Why We Are Anonymous

In this newsletter we are happy to present a translation of the article “Why do Tomorrow Girls Troop Members Work Anonymously” from the Japanese. This is a question we are asked frequently, and this articulates some of the nuances behind our decision to be anonymous.

Original article (in Japanese): http://ashitashoujo.com/post/127531992007/tokumei 

Why do Tomorrow Girls Troop members work anonymously?

Tomorrow Girls Troop works anonymously because of strategic reasons.

There are two reasons as to why we are anonymous activists.

Firstly, we wish for everyone to focus on the social issues we shed light on, instead of focusing on our appearance, titles, educational backgrounds, and origins.

Guerrilla Girls is a group of feminist artists that was founded in New York in 1985. The members wear masks resembling gorillas to work anonymously. In an interview, they explain their anonymity: 

“we wanted the focus to be on the issues, not on our personalities or our own work”

Guerrilla Girls encourage people at performances and events to work anonymously when dealing with issues regarding gender inequality. 

There has been a great number of people voicing their opinions against misogyny in Japan, as well.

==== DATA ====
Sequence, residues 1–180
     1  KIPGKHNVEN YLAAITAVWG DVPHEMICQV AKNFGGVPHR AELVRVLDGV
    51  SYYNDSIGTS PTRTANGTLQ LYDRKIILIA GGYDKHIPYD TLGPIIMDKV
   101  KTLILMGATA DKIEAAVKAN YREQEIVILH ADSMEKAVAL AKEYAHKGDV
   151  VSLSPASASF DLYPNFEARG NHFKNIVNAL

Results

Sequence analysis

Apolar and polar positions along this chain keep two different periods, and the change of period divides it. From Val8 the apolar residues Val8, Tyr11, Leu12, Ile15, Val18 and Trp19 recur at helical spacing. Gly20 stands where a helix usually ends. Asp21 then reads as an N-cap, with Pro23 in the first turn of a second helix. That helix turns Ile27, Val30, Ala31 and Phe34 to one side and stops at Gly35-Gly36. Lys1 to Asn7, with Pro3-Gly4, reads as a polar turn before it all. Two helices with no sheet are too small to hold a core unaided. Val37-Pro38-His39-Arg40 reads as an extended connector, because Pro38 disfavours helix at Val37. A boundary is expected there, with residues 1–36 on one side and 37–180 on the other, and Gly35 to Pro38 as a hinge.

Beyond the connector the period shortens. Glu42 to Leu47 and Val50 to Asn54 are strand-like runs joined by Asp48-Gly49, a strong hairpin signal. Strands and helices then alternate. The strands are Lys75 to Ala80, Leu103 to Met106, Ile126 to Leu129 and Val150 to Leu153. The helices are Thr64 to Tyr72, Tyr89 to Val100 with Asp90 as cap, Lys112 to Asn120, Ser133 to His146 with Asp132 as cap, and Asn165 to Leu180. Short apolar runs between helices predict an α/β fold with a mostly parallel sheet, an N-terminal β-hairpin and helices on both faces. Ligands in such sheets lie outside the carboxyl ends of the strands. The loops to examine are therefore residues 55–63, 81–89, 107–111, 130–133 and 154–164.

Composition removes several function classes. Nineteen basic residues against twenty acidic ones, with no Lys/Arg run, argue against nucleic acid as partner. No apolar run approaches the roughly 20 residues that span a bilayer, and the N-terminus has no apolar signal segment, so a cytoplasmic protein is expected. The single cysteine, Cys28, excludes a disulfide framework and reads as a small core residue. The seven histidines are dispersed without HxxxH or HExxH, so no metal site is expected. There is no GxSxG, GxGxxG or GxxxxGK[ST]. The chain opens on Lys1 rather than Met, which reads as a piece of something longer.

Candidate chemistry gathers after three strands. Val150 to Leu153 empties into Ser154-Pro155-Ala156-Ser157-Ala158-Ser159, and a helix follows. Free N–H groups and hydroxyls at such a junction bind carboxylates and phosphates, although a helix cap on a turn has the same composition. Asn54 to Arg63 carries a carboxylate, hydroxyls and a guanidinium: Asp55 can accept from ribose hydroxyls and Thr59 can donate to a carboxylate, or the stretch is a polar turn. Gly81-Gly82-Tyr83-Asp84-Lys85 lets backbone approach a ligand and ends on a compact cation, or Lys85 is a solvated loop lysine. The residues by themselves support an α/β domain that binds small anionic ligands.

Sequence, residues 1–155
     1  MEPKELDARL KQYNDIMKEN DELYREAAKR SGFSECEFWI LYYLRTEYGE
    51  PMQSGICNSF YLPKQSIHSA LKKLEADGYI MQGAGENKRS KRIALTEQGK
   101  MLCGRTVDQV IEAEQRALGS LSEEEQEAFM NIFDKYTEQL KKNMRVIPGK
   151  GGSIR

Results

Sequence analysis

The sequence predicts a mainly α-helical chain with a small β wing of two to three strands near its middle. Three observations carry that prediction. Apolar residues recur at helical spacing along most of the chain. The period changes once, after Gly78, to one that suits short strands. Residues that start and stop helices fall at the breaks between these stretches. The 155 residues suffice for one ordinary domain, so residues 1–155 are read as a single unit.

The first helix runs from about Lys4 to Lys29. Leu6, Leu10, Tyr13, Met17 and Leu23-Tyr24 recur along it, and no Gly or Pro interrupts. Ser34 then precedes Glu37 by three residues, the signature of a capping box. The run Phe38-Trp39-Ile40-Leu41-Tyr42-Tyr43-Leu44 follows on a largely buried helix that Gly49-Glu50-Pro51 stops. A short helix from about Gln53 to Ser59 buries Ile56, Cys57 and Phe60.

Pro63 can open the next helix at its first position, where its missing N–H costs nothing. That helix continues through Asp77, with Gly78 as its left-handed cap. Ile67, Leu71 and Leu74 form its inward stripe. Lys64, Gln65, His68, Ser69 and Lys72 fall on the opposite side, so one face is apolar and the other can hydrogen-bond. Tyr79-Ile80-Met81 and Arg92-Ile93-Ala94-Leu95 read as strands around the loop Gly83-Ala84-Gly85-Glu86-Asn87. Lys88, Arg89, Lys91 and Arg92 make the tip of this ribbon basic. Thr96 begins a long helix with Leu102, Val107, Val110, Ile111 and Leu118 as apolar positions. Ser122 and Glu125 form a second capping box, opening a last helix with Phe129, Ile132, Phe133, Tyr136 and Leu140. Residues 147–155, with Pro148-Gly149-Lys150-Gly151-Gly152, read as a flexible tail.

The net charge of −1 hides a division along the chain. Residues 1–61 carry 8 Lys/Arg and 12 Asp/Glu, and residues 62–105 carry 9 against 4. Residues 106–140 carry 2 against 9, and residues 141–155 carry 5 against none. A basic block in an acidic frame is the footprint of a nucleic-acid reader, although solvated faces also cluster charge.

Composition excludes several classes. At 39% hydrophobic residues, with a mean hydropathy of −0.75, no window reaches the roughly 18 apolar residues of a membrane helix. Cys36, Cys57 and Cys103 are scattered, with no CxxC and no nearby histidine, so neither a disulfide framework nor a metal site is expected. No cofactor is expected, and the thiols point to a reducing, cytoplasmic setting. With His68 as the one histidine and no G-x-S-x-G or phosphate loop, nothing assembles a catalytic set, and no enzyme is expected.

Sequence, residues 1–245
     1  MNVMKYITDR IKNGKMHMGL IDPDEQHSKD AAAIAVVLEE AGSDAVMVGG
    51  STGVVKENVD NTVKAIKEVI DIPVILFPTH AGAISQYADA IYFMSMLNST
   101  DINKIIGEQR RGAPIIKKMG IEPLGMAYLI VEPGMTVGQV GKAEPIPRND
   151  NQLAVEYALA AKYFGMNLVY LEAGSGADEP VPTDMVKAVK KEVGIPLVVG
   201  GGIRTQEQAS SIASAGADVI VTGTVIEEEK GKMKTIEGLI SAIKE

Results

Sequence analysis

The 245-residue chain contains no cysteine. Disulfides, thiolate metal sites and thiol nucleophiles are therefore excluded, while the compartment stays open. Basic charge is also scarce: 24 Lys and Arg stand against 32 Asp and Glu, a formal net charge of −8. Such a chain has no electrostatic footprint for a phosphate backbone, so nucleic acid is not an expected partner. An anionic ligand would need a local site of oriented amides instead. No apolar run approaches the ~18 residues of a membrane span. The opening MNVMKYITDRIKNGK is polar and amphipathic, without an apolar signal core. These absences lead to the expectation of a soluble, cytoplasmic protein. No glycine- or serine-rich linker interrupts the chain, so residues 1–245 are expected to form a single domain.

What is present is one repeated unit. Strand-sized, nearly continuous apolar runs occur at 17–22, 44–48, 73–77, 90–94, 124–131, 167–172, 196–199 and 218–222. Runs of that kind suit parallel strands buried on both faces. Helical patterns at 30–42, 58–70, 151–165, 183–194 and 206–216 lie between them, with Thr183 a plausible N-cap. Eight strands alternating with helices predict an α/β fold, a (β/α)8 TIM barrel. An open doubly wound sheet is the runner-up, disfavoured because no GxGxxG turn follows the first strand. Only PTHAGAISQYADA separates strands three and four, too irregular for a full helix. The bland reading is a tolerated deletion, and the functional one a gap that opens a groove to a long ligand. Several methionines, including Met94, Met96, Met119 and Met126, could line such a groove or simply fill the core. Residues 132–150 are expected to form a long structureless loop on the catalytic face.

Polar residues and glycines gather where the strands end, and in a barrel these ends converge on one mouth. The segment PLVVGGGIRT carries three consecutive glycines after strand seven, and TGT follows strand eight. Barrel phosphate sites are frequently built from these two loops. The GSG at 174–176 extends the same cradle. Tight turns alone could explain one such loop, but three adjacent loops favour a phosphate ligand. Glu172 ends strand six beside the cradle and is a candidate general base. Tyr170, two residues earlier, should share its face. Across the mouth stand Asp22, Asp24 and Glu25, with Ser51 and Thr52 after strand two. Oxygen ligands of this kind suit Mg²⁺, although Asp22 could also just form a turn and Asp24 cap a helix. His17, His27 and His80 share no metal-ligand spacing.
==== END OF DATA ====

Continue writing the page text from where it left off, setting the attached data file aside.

However, a lot of the time, the issues people have raised were made unclear. That is because the media tends to report more on the appearance, fashion, age, title, etc. of the person speaking up, rather than on the issues.  

This tendency is often seen when women or LGBT people who are considered the minority speak up. It is also likely to happen when a man defends and supports the minority.

Although Tomorrow Girls Troop was founded in a different country and era than the Guerrilla Girls and we are not a women-only group like them, we decided that our members should work anonymously, too. Guerrilla Girls has dealt with issues regarding gender inequality for 30 years and we believe in their words. 

The second reason as to why our members work anonymously is out of consideration for members who have survived domestic violence, cut ties with their families, and prefer for their names to be hidden from the public.

We understand that it is a privilege to be able to make our birth names public. We think that people who do not have to worry about being threatened, disowned by their parents, deprived of their jobs, harassed, or chased by stalkers and abusers, and people who have people that support them and a safe place to go to if and when these terrifying things happen to them, are all lucky to some extent. 

We, women and sexual minorities, are more likely to be vulnerable in these situations. We decided to make the members of the group anonymous so that we can work together with people in such unstable positions.

We truly hope that the gender issues that this society faces gain more attention.